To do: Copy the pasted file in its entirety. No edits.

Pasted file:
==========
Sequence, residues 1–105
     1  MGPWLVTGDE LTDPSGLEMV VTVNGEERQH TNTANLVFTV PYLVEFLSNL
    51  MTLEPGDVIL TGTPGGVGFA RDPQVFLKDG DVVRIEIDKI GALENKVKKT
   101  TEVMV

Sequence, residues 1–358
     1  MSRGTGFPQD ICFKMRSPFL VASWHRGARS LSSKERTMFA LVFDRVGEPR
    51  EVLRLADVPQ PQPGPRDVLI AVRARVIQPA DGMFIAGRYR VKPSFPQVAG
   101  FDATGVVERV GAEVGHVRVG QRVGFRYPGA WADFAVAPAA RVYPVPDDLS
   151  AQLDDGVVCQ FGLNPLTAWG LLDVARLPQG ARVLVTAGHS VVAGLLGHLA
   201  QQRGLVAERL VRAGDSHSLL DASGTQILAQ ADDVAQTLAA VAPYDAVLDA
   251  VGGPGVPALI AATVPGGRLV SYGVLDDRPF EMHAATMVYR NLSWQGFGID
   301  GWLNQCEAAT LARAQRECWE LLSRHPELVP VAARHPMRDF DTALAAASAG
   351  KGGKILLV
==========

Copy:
Sequence, residues 1–105
     1  MGPWLVTGDE LTDPSGLEMV VTVNGEERQH TNTANLVFTV PYLVEFLSNL
    51  MTLEPGDVIL TGTPGGVGFA RDPQVFLKDG DVVRIEIDKI GALENKVKKT
   101  TEVMV

Sequence, residues 1–358
     1  MSRGTGFPQD ICFKMRSPFL VASWHRGARS LSSKERTMFA LVFDRVGEPR
    51  EVLRLADVPQ PQPGPRDVLI AVRARVIQPA DGMFIAGRYR VKPSFPQVAG
   101  FDATGVVERV GAEVGHVRVG QRVGFRYPGA WADFAVAPAA RVYPVPDDLS
   151  AQLDDGVVCQ FGLNPLTAWG LLDVARLPQG ARVLVTAGHS VVAGLLGHLA
   201  QQRGLVAERL VRAGDSHSLL DASGTQILAQ ADDVAQTLAA VAPYDAVLDA
   251  VGGPGVPALI AATVPGGRLV SYGVLDDRPF EMHAATMVYR NLSWQGFGID
   301  GWLNQCEAAT LARAQRECWE LLSRHPELVP VAARHPMRDF DTALAAASAG
   351  KGGKILLV